Top court rejects mobster Pierino Divito’s appeal to return to Canada

Canadian citizens jailed in foreign countries may have a bone to pick with Montreal mobster Pierino Divito.

A lawyer for the 76-year-old went to the Supreme Court of Canada to argue that the right to enter Canada is virtually absolute for citizens, including those incarcerated abroad, if a foreign jurisdiction consents to transfer them back home.

Civil liberties advocates picked up the cause, arguing that rejections should be rare. Under the Conservative government, Canada approved just 27 per cent of transfer requests in 2009-10, down from 100 per cent between 1999 and 2005, the Canadian Civil Liberties Association told the Supreme Court.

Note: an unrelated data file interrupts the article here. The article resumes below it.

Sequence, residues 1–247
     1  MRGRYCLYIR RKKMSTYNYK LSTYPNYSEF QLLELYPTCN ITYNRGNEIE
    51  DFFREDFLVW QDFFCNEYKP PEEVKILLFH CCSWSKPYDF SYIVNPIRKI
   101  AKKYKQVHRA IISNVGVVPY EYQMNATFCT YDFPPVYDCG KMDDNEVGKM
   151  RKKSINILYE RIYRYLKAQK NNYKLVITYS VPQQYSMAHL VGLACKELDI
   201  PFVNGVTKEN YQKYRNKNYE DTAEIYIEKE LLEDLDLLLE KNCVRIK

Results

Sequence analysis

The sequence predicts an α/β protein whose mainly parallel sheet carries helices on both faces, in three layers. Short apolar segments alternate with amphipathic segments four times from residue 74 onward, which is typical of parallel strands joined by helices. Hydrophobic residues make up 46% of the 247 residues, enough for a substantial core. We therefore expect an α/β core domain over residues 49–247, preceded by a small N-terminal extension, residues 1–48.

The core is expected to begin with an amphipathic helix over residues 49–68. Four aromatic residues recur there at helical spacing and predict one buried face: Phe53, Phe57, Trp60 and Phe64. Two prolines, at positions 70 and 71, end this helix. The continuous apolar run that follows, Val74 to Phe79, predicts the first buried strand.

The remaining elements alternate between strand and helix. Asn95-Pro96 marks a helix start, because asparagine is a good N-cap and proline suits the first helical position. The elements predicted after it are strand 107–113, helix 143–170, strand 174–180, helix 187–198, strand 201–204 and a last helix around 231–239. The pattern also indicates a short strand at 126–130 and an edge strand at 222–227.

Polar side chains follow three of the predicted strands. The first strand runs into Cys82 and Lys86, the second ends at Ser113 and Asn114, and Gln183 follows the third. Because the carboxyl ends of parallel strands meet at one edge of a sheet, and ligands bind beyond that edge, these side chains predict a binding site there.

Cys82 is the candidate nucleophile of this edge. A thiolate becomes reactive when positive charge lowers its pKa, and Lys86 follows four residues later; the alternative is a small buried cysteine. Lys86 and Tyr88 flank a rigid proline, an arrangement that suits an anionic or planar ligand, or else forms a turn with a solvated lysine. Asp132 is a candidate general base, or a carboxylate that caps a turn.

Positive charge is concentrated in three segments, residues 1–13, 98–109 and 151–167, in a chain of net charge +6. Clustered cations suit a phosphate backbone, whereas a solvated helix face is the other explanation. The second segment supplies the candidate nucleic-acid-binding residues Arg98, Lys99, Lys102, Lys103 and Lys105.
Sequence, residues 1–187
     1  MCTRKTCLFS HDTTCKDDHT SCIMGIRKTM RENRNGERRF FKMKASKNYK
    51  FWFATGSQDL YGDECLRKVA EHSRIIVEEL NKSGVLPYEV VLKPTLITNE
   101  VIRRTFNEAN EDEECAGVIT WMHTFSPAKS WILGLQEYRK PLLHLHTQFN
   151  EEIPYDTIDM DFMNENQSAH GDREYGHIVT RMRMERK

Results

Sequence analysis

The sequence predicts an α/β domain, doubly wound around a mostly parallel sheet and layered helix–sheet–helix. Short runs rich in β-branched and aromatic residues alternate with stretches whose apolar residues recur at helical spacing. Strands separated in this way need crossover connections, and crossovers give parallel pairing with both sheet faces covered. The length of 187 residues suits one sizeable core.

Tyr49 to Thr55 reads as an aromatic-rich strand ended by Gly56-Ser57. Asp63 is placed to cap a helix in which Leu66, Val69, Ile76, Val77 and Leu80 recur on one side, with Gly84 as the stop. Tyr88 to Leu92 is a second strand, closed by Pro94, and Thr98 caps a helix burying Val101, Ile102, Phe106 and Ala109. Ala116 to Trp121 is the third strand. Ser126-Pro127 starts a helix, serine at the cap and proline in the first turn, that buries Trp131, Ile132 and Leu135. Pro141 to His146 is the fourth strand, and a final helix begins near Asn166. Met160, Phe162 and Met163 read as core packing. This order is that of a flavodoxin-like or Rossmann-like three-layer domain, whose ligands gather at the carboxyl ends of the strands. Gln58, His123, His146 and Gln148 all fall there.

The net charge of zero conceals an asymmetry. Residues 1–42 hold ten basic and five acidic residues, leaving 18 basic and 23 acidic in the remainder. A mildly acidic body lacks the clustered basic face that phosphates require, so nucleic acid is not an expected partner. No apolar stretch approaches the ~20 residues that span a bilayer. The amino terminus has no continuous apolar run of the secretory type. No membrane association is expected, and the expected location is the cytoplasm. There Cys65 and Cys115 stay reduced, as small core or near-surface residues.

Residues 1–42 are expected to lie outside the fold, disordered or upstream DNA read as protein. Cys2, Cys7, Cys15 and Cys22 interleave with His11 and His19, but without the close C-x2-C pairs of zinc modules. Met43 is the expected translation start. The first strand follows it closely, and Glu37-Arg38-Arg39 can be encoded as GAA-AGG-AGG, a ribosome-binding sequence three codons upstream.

But Mr. Divito did not make for a sympathetic figure.

He was once convicted in an attempt to import $3-billion of cocaine into Nova Scotia and New Brunswick. His trail of offences stretches back to 1962. Four Canadian courts have found him to have been involved in organized crime. His criminal career was so prolific that he was extradited to Florida to serve seven years for cocaine trafficking while he was in the midst of an 18-year sentence in Canada. (Florida had no objection to sending him back to a Canadian prison.)

“It was a long shot,” University of Montreal law professor Paul Daly said.

The Supreme Court of Canada was unanimous in rejecting Mr. Divito’s claims on Thursday. It ruled that Canadian citizens have no automatic right to be transferred to a jail back home in Canada, even when foreign authorities don’t stand in their way.

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This content has been updated on August 23, 2014 at 12:19.